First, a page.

On Sunday 13 October the RRS Discovery sailed from Southampton to Punta Arenas, in Chile, as part of the annual Atlantic Meridional Transect (AMT) research expedition.
National Oceanography Centre (NOC) technicians are on board using sediment traps to capture particles of sinking material within a large system of circulating water in the Atlantic. These systems, or gyres, occupy 40% of the Earth’s surface and are characterised by a relatively low level of marine life. So much so, they are often referred to as ‘ocean deserts’.
The sheer size of these gyres means that carbon cycling within them plays a significant role in the global carbon cycle. These gyres are likely to be growing larger as the climate changes, therefore this research expedition presents an excellent opportunity to record and monitor the movement of carbon in this region.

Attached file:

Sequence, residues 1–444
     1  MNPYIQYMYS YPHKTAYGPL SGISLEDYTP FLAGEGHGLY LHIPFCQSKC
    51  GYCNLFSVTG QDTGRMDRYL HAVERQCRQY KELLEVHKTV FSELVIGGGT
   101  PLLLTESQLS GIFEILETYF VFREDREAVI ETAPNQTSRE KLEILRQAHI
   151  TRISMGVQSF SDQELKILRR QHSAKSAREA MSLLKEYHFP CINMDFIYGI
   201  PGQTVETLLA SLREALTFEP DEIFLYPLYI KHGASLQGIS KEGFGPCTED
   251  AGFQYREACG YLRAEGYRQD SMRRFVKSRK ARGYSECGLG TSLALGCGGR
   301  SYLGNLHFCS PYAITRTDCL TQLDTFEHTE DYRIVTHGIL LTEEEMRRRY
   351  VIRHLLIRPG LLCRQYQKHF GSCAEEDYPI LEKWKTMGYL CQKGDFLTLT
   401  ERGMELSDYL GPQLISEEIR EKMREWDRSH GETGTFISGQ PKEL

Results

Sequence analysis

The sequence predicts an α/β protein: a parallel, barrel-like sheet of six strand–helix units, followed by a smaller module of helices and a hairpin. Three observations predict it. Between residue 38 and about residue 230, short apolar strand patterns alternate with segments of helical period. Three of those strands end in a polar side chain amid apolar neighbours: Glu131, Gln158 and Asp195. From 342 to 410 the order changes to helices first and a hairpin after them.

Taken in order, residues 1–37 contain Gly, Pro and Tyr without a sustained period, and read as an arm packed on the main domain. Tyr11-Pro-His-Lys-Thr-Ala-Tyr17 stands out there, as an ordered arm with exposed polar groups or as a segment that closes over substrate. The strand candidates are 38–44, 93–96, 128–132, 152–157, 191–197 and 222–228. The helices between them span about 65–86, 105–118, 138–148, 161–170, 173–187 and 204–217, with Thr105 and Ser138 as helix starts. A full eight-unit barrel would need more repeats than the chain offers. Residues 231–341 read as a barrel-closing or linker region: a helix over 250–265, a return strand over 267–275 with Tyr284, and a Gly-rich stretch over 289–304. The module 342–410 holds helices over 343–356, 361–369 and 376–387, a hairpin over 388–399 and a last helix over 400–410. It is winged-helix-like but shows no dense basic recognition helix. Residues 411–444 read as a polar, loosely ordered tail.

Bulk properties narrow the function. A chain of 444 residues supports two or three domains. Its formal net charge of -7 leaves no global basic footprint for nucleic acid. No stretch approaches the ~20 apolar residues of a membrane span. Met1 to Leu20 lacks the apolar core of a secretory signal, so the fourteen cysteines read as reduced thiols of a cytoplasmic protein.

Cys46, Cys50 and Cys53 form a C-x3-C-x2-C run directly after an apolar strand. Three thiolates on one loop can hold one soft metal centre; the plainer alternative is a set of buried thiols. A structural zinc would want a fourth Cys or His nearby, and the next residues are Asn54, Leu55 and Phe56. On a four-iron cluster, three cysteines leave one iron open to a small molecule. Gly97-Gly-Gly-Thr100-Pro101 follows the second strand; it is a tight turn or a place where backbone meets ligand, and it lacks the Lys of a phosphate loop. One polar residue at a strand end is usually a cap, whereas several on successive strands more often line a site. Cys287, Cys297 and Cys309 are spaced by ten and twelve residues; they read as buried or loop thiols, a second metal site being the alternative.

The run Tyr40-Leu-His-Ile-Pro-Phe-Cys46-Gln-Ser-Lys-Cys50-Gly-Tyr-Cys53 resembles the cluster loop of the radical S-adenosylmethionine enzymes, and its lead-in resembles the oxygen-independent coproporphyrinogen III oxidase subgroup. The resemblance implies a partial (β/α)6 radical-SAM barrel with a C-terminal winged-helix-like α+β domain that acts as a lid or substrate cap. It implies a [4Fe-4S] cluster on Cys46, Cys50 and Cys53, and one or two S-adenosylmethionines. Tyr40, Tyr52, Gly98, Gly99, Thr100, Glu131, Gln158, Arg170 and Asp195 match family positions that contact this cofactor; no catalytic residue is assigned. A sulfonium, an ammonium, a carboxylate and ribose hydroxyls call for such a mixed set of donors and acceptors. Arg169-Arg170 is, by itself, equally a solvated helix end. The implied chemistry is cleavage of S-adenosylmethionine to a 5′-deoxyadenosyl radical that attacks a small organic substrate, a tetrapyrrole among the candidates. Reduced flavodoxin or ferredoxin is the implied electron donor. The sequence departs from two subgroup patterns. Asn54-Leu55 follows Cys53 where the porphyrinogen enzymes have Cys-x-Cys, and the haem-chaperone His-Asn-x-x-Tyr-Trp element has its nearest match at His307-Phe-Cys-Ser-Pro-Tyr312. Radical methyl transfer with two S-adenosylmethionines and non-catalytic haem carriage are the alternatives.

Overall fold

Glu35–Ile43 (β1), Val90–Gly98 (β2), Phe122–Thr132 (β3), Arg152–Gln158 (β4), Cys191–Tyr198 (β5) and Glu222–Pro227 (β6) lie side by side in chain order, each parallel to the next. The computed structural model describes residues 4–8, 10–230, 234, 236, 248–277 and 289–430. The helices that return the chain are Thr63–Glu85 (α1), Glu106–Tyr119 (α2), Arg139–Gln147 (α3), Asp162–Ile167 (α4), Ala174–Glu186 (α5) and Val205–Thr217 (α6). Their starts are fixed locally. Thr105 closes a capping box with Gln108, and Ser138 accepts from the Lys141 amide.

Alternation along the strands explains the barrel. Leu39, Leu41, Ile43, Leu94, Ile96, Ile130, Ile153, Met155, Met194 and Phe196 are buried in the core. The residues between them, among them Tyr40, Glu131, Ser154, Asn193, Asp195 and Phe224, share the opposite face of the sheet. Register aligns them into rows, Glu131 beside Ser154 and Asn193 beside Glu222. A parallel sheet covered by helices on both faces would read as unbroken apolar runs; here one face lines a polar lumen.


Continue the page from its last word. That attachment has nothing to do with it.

AMT is funded through NERC National Capability and hosted by the Plymouth Marine Laboratory in collaboration with the NOC. The AMT programme informs on changes in biodiversity and function of the Atlantic ecosystem during this period of rapid change to our climate and biosphere.
This work is part of the CLASS programme (Climate Linked Atlantic Sector Science) which aims to increase our understanding of how the ocean will evolve under a changing climate and increased human exploitation, with the objective to support sustainable marine management.